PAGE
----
Segregation a Significant Risk Factor for Outcomes in NSCLC

Access to surgery in early-stage patients with non-small cell lung cancer is dependent upon the extent of racial segregation in the patient’s neighborhood, according to a new study in Cancer Epidemiology, Biomarkers & Prevention.

Access to surgery in early-stage patients with non-small cell lung cancer (NSCLC) is dependent upon the extent of racial segregation in the patient’s neighborhood, according to a new study in Cancer Epidemiology, Biomarkers & Prevention. This in turn influences patient outcomes.

A retrospective, cohort study among more than 8000 NSCLC patients in Georgia, using data from the Georgia Comprehensive Cancer Registry, evaluated the effect pf segregation, low income, and the combination, on the odds of surgical intervention in those patients.

The authors write that living in areas with the highest [absolute odds ratio (AOR), = 0.35, 95% CI, 0.19-0.64] and second highest (AOR = 0.37, 95% CI, 0.20-0.68) levels of segregation was associated with decreased odds of receipt of surgery. This in turn had a significant impact on patient survival, with black patients in the segregated regions being 31% more likely to die of the disease. The inverse correlation held true in white patients in the low-income neighborhoods, but only with respect to their access to surgery—not survival.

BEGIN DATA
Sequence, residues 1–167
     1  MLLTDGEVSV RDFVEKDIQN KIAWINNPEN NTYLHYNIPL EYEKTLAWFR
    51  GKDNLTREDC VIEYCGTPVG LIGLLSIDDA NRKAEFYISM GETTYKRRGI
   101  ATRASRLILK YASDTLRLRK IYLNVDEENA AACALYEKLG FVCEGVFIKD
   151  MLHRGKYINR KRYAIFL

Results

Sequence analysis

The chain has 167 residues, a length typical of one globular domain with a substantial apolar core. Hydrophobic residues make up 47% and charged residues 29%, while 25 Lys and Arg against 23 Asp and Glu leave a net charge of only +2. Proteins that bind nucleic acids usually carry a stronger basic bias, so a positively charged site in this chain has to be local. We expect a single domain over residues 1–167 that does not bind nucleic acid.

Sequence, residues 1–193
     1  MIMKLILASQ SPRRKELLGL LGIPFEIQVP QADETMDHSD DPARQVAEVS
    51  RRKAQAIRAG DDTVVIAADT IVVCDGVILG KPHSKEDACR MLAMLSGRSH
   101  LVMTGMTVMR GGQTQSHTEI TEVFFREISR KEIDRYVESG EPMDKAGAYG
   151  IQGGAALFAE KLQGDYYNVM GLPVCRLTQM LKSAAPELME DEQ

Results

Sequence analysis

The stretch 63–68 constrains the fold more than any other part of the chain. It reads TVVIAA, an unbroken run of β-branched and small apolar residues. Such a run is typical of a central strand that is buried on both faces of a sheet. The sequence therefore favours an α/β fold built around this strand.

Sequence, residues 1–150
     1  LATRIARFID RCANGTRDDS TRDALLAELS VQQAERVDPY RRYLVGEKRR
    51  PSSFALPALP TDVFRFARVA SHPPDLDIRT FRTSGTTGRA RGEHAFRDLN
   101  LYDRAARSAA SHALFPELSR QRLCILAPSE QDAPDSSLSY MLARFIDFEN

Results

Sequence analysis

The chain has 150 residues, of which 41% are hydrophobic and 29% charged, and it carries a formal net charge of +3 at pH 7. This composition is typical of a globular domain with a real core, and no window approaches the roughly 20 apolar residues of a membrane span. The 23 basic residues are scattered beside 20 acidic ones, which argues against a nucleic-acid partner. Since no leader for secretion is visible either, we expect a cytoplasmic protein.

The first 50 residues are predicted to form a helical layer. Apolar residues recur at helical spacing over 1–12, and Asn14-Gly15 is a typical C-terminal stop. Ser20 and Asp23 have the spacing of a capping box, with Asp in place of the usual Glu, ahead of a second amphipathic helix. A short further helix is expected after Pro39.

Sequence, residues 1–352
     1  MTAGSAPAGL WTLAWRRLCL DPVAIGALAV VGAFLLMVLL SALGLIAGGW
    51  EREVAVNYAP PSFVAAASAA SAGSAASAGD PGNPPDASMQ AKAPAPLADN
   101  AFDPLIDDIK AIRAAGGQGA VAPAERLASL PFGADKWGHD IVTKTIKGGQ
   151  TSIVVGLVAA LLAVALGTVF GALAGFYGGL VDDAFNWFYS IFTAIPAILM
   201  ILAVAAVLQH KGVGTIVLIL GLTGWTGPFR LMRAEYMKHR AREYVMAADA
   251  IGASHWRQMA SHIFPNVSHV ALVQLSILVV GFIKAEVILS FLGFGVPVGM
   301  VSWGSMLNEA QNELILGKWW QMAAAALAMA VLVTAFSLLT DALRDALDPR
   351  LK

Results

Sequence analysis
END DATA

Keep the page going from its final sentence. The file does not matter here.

“Our findings suggest how black and white individuals experience segregation and area-level poverty is likely different leading to differences in adverse health outcomes,” the authors conclude.

“At least half of patients diagnosed at early stages who undergo surgical treatment survive more than five years, whereas, without surgery, most will die within a year,” said the study’s lead author Asal Mohamadi Johnson, PhD, MPH, in a statement. “Health disparities are a result of a combination of social, cultural, behavioral, and political factors. Any genuine commitment to address them successfully should include experts on economic development and urban planning, as well as policymakers and the medical community,” Johnson continued. “Most importantly, the residents of these communities must be involved and a part of the process.”